Garden of Eden Urban Farming
Why we do this: Toward a new economic engine
Outreach and Advocacy

Twin dilemmas of urban food deserts

Dilemma 1: Deficient Nutrition

  • Lack of retail food outlets
  • Distance from farm to market leading to loss of nutrients
  • Lack of variety
  • Reliance on low-end grocery chains and fast food shops
  • High fat and sugar diets; few fresh fruits and vegetables
  • Often called the food desert; may be urban or rural
  • Examples

Potential Improvements

Vegetables are important sources of many nutrients, including potassium, dietary fiber, folate (folic acid), vitamin A, and vitamin C. ...

Dietary fiber from vegetables, as part of an overall healthy diet, helps reduce blood cholesterol levels.

Fruits and veggies are naturally low in calories and high in vitamins and minerals.

Eating plenty of fruits and veggies may help reduce the risk of many diseases, including heart disease, high blood pressure, and some cancers.

The New Dietary Regime


  • Reduce obesity and disease
  • Improve general nutrition
  • Shrink the food desert
  • Adopt healthy lifestyles


  • Grow more fruits and vegetables locally
  • Expand availability: promote sales in more places
  • Train families and children in health eating

Success Criteria

  • More quality food sources in neighborhoods
  • Greater variety of dietary options
  • Shorter distance to quality vendors and products


The following effects may be noted by adopting local sourcing:
  • Improved Nutrition
  • Greater dietary quality and variety

Dilemma 2: Weak Local Economy

  • General unemployment
  • Worker dislocation or discrimination
  • Disappearing employers
  • Lack of (re)training options

Potential Improvements

New employment in food production can add jobs immediately.

New businesses have secondary benefits over time including "export" income from goods and services, training, consulting, data processing and the use of the program as a destination training center.

The multiplier effect as new economic acitivity is created can include higher incomes and business and tax revenues increase.

The New Economic Engine


  • Create employment
  • Shrink the food desert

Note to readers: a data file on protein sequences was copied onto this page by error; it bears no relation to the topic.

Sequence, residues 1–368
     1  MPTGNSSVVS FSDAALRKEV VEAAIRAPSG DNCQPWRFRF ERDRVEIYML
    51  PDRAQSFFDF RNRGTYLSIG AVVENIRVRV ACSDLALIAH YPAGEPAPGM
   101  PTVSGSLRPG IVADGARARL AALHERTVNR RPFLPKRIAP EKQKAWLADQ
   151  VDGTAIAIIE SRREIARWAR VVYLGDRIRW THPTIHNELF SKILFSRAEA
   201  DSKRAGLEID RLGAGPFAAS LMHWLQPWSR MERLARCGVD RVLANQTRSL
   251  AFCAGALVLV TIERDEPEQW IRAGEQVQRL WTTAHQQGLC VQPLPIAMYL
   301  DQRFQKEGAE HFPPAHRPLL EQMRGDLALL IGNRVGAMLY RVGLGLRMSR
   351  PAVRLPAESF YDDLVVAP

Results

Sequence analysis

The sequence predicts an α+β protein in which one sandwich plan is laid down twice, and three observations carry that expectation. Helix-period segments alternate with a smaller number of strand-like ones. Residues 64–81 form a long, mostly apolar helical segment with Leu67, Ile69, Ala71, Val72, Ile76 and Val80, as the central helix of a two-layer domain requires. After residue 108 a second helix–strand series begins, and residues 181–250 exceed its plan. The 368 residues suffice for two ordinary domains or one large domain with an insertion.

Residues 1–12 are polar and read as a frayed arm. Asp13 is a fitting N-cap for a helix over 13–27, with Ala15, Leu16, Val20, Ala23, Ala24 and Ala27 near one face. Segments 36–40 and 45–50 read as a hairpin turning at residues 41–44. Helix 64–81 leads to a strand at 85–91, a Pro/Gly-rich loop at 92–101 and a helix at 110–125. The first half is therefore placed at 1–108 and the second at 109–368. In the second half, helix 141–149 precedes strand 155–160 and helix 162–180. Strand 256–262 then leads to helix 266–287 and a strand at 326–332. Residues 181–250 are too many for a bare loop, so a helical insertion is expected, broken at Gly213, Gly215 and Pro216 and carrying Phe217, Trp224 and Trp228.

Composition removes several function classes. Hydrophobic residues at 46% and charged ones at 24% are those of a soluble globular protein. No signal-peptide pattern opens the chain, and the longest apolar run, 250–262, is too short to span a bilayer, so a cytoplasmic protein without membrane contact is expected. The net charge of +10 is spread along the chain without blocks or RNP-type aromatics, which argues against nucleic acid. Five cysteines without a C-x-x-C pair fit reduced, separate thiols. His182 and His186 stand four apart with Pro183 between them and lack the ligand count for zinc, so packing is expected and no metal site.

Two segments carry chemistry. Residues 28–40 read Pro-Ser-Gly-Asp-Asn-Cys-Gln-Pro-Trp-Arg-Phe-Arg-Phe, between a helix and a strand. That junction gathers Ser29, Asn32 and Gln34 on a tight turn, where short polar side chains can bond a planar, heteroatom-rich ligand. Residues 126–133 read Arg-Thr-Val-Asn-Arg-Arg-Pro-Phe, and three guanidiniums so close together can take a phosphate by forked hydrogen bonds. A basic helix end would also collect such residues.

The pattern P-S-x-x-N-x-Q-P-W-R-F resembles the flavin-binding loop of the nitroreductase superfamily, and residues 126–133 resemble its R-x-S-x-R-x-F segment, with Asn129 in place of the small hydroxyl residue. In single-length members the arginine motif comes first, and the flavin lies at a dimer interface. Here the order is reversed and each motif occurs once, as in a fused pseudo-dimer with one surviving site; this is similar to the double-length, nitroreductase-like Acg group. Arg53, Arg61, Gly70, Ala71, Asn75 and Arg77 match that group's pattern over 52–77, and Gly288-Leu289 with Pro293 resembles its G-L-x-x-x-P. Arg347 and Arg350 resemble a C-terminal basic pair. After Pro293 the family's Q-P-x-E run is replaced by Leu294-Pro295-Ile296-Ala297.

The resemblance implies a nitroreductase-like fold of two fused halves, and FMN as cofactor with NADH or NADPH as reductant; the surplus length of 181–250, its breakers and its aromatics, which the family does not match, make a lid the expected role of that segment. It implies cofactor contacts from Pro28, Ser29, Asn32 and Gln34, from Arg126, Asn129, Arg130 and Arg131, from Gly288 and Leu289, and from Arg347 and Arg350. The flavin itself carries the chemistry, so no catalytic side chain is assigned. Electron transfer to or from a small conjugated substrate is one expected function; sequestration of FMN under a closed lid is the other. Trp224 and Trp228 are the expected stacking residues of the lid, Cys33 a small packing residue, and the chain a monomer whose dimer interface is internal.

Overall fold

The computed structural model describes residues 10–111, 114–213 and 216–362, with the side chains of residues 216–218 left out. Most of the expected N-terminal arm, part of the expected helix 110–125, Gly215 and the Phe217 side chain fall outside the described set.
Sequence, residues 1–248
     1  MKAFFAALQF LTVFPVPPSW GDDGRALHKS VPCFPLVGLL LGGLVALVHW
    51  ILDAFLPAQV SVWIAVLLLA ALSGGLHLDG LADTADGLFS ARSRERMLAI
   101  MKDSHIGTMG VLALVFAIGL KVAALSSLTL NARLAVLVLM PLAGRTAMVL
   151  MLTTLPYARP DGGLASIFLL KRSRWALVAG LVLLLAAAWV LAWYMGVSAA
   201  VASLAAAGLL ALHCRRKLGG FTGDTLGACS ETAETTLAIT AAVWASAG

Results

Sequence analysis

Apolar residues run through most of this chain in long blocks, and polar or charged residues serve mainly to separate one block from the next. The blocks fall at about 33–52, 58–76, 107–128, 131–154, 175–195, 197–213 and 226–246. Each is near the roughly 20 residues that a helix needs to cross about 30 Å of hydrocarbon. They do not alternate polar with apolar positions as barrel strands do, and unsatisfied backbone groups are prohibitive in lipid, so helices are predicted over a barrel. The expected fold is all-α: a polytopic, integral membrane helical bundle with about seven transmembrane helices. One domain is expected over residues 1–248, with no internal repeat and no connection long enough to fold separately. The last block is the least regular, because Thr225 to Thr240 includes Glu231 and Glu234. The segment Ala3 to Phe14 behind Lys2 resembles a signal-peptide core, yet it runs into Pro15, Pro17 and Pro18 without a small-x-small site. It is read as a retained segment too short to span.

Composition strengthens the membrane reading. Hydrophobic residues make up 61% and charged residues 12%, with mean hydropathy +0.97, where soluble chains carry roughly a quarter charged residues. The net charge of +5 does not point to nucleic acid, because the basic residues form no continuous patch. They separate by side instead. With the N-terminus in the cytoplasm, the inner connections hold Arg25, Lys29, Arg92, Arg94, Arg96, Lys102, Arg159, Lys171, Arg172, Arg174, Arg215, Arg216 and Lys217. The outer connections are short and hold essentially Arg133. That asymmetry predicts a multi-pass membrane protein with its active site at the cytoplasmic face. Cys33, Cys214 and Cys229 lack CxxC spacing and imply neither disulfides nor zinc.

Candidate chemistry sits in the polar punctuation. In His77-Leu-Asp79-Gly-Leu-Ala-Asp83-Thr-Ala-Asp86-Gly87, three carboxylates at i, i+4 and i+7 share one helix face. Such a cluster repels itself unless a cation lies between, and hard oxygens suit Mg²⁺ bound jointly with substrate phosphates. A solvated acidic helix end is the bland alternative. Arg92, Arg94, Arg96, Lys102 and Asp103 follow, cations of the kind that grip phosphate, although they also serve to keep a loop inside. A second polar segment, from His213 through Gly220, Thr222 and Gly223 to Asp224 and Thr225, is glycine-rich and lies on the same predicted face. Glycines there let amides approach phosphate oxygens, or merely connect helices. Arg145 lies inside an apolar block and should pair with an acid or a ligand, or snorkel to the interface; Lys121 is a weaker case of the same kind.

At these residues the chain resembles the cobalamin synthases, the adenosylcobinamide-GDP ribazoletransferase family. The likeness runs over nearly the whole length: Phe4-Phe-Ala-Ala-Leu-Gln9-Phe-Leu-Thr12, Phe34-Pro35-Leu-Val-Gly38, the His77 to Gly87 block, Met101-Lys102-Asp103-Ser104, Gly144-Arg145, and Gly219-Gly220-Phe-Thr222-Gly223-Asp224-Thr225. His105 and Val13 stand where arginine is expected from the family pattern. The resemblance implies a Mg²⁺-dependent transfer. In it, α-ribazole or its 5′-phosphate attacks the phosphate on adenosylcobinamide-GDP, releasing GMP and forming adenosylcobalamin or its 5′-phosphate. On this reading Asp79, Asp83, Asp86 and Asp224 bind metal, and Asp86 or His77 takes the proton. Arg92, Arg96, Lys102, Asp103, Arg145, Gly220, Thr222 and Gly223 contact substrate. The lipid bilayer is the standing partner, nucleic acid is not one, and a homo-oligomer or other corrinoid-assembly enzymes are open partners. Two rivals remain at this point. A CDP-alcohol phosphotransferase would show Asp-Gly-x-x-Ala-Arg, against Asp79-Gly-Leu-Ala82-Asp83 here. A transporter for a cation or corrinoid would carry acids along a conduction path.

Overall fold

• Live without pesticides, herbicides, artificial growth enhancement, etc.
  • Create a replicable model for other communities with similar issues


  • Create Model Program
  • Organize for Success
  • Manage Operations
  • Train Workers
  • Build Strong Financial Support
    • Budget realistically from operations
    • Monitor budget compliance
    • Manage risk
    • Expand judiciously
    • Report accurately, transparently


Success Criteria

  • Community Involved?
  • Partners Attracted?
  • Policies Transparent?
  • Surpluses Shared?
  • Listening and Learning?
  • Open Door Management?


The following effects may be noted by adopting local sourcing:

  • Community based, local, hydroponic farming in modern, urban, vertical form, efficiently operated by technically trained employees working in

    • Hydroponic farming, primary activity and as seasonal supplement to traditional farms
    • Repair & maintenance, equipment sales, service
    • Home applications, non-profits, schools, housing
    • Related training


Garden of Eden Training and Development Programs

Garden of Eden Urban Farming partners with several businesses and non-profit organizations to help projects acquire necessary goods and services
  • to create an indoor gardening laboratory with a wide array of gardening methodologies
  • to offer training to individual gardener-entrepreneurs
  • to offer consulting and related support for program graduates
  • to train trainers who can replicate our local efforts
  • to support small growers with information and employ them as experts as needed and available
  • to develop financial resources to assist additional grower-entrepreneurs to innovate and succeed

We are currently seeking grants in support of elements of these objectives. You can be part of the world's shift to a sustainable food supply. Inquiries welcome.